A new study suggests that symbiotic relationships between trees and the mycorrhyzae that grow in their roots may not be as mutually beneficial as previously thought.
The so-called symbiotic relationship between trees and the fungus that grow on their roots may actually work more like a capitalist market relationship between buyers and sellers, according to the new study published in the journal New Phytologist.
Recent experiments in the forests of Sweden had brought into a question a long-held theory of biology: that the fungi or mycorrhizae that grow on tree roots work with trees in a symbiotic relationship that is beneficial for both the fungi and the trees, providing needed nutrients to both parties. These fungi, including many edible mushrooms, are particularly common in boreal forests with scarce nutrients. But in contrast to the current paradigm, the new research shows that they may be the cause rather than the cure for the nutrient scarcity.
In the recent experiments, researchers found that rather than alleviating nutrient limitations in soil, the root fungi maintain that limitation, by transferring less nitrogen to the trees when nutrients are scarce than when they are abundant in the soil.
The new study, led by IIASA Ecosystems Services and Management researcher Oskar Franklin in collaboration with the Swedish University of Agricultural Sciences, used a theoretical model to explain the new experimental findings, by simulating the interaction between individual fungus and plant. It suggests that since each organism competes with others in trading nutrients such as carbon and nitrogen, the system as a whole may function more like a capitalistic market economy than a cooperative symbiotic relationship. The competition among trees makes them export excessive amounts of carbon to the fungi, which seize a lot of soil nutrients.
“The new theory pictures a more business-like relationship among multiple buyers and sellers connected in a network. Having multiple symbiotic trading-partners generates competition among both the fungi and the plants, where each individual trades carbon for nutrients or vice versa to maximize profits, not unlike a capitalistic market economy,” says Franklin.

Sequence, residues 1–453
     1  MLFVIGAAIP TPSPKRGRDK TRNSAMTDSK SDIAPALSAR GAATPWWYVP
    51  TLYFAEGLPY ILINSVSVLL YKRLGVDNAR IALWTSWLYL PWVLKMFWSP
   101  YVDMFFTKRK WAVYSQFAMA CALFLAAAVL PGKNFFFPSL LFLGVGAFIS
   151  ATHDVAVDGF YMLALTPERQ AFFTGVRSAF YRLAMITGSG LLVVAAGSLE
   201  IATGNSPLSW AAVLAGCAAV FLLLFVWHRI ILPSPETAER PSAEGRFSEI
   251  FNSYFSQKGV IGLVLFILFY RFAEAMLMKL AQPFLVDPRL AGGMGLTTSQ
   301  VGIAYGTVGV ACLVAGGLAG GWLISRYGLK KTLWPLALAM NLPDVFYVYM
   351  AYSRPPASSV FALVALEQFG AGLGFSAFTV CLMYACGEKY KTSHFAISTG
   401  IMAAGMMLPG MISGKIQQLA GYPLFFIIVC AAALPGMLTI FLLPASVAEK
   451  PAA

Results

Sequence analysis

“Although doing business with fungi is a good deal from each tree’s own point of view it traps the whole forest in nutrient limitation,” he says.
Understanding boreal forest nutrient cycles is incredibly important for modeling climate change, because it influences how much carbon dioxide these regions can absorb, as well as how they are influenced by the increasing concentrations of greenhouse gases in the atmosphere. Franklin says, “This syndrome is aggravated by rising CO2. As more carbon becomes available to the trees, the limitation of nitrogen generated by mycorrhizae becomes even more important, possibly eliminating or even reversing the expected CO2 fertilization effect in boreal forest.”
Franklin O, Näsholm T, Högberg P, Högberg MN. 2014. Forests trapped in nitrogen limitation: an ecological market perspective on ectomycorrhizal symbiosis. New Phytologist. DOI: 10.1111/nph.12840
Näsholm T, Högberg P, Franklin O, Metcalfe D, Keel SG, Campbell C, Hurry V, Linder S, Högberg MN. 2013. Are ectomycorrhizal fungi alleviating or aggravating nitrogen limitation of tree growth in boreal forests? New Phytologist 198(1): 214-221.
For more information please contact:
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IIASA is an international scientific institute that conducts research into the critical issues of global environmental, economic, technological, and social change that we face in the twenty-first century. Our findings provide valuable options to policy makers to shape the future of our changing world. IIASA is independent and funded by scientific institutions in Africa, the Americas, Asia, Oceania, and Europe. www.iiasa.ac.at
Katherine Leitzell | idw - Informationsdienst Wissenschaft
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